Tiffany Trump’s Adventures in New York Fashion Week
Dennis Basso by Tim Teeman
As she took her seat on the front row of Dennis Basso’s show at the Skylight Clarkson space on Tuesday afternoon, there were no spaces around Tiffany Trump.
The night before, at the chaotic Philipp Plein show at New York Public Library—complete with Madonna, Kylie Jenner, and a lot of free booze—it was noted that there were spare seats around her.
“Once she was seated, two editors from a top women’s magazine immediately got up and left,” reported The Cut. “Other well-known influencers nearby requested seat changes shortly after.”
Trump’s “best” (friend, presumably), Andrew Warren, a “Rich Kid of Instagram,” posted a message claiming the empty seats was reserved for Plein’s family.
On Tuesday, at Basso’s show, Trump again sat alongside Warren and another friend. She was wearing a red/purple dress, with a jewel-encrusted front and sleeves, and talked animatedly to Warren and other friends.
Finally, after a Fashion Week notable for a wide variety of oppositional takes by designers against Trump’s administration (especially at the Chromat show, with its “Fuck Donald Trump” rap), a Trump could take their front row seat and know they were on friendly territory.
Lurking behind Trump was a gentleman in a dark suit and ear-piece, who was possibly her Secret Service guy. (Word to the wise: if you want the best vantage point at a fashion show, join the Secret Service.)
Trump looked as if she enjoyed the show, and at the end Basso—who did a full circuit of the space—stopped to greet her.
Ivana Trump, a longtime friend, has attended Basso’s show before, and he vouchsafed his own support and affection for the Trumps to me in a December interview.
Unlike other designers, Basso is happy to dress Melania. “Absolutely. 100 percent. I think you have to step aside from the politics and look at it that it’s an honor to dress the first lady of the United States of America.”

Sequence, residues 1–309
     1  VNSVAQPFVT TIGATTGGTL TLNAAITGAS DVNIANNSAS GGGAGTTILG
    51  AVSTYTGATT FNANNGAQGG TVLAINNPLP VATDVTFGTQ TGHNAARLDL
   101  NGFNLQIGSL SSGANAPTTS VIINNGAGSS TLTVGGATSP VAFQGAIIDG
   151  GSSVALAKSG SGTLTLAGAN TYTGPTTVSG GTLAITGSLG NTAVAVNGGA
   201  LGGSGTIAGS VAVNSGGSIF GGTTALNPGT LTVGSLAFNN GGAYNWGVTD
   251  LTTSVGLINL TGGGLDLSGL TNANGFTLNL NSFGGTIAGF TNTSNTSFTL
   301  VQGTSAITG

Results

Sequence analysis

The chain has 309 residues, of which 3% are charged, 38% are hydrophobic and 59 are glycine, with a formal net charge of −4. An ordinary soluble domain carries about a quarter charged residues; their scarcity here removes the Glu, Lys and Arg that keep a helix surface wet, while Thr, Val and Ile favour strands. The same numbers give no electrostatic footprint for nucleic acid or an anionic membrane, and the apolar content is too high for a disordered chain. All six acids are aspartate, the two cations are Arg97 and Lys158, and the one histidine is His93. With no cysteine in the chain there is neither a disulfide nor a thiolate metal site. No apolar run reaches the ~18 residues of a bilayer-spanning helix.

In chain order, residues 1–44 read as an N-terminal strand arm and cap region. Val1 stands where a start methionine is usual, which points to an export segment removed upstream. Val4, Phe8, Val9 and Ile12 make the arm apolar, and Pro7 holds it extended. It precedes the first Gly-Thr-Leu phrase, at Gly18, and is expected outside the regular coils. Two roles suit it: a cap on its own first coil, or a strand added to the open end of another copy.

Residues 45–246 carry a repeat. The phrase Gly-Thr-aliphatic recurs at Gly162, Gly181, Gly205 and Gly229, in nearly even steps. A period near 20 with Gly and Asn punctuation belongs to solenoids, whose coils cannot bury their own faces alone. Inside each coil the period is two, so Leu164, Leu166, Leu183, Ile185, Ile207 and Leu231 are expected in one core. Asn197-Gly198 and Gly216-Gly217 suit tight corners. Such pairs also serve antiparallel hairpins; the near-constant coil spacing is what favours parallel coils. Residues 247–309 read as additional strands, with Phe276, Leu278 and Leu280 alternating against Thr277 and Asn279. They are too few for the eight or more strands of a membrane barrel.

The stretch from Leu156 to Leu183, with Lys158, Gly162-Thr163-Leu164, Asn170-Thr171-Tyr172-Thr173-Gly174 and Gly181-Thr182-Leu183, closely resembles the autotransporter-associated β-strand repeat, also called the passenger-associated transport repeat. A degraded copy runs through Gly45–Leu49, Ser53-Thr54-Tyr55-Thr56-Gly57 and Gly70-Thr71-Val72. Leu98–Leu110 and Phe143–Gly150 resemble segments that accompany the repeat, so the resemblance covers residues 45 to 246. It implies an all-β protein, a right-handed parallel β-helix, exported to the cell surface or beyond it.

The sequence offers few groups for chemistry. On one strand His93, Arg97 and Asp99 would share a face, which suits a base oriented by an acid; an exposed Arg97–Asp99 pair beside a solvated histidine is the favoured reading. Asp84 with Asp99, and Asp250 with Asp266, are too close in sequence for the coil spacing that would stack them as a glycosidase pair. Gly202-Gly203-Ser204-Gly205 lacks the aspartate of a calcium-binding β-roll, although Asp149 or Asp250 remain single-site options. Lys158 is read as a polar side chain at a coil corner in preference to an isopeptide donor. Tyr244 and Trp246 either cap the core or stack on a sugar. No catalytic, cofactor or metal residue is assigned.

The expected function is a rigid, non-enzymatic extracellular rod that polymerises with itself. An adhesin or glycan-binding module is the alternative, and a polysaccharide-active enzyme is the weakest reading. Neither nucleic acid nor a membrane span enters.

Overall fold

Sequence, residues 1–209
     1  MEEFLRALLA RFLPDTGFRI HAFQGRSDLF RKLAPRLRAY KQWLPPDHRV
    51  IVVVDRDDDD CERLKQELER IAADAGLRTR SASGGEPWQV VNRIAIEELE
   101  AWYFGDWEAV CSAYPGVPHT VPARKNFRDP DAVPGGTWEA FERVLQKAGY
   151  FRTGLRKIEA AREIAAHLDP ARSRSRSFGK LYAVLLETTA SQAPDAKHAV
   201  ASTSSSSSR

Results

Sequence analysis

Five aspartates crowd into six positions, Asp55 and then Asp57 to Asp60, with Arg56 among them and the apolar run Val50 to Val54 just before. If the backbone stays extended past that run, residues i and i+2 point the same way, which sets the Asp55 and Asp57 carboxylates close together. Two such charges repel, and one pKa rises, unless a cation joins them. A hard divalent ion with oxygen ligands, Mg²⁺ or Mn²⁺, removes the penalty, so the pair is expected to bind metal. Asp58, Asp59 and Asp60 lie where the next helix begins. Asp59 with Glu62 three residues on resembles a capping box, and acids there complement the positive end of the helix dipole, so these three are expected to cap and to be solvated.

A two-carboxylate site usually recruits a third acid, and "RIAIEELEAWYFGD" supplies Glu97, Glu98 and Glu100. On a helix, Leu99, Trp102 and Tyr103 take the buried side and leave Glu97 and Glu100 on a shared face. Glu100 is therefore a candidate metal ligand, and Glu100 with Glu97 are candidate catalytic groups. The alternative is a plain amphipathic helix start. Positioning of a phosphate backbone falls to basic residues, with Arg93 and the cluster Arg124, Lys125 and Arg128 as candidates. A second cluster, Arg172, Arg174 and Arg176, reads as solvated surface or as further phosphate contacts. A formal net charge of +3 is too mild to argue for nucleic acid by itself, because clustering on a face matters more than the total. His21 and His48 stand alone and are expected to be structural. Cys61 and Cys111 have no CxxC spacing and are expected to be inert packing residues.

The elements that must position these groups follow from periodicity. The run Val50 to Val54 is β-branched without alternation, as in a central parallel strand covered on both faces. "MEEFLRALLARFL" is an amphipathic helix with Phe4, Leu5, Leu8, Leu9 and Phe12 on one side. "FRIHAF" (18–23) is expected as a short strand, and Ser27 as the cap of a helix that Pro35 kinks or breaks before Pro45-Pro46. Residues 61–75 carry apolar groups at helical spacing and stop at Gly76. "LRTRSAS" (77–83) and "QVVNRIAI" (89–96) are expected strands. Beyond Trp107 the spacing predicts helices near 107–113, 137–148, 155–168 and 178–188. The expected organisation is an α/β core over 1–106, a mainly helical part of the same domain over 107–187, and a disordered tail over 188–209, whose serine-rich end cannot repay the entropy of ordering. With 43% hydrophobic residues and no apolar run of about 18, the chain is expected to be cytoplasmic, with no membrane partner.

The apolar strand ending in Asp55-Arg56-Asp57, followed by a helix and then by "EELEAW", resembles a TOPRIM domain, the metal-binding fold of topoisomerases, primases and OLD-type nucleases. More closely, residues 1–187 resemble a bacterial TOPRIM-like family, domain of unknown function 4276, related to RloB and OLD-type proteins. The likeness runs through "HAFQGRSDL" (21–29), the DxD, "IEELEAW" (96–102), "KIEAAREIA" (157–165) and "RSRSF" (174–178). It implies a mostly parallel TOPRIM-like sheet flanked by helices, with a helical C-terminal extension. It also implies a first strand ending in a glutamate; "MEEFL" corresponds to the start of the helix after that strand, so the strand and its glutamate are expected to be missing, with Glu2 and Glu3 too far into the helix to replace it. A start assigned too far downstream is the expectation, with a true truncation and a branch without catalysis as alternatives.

Today, backstage at his show, Basso told The Daily Beast that Ivana, Ivanka and Melania, who he has dressed before “are just regular women who like beautiful clothes. I’ve known the family for 35 years. They’re lovely people. They’re a very fun, close-knit family.”
How did he feel about the current political situation, then, especially in light of the prevailing mood of Fashion Week?
“I really don’t discuss politics. I’m all about fashion. I know them as a family: that’s all I can comment on. I’ve known the children since they were born. They’re lovely people.”
Basso is most famous for his furs—and they were on proud display among the 67 mostly stunning, very dressy, and very expensive outfits in Tuesday’s show, sometimes the central part of an outfit (as with broadtail and sable coats with a fishnet top and tan slit-skirted trouser), sometimes the accessory (sable necklaces are just as decadent as their description summons), and sometimes totally absent, as in a sequence of rippling, gracious lamé gowns. Other elements of Basso’s dresses had delicate embroidery, and the designer also produced a series of capelets, chiffon gowns, turtlenecks, velvet trousers and cocktail dresses, and fox boas.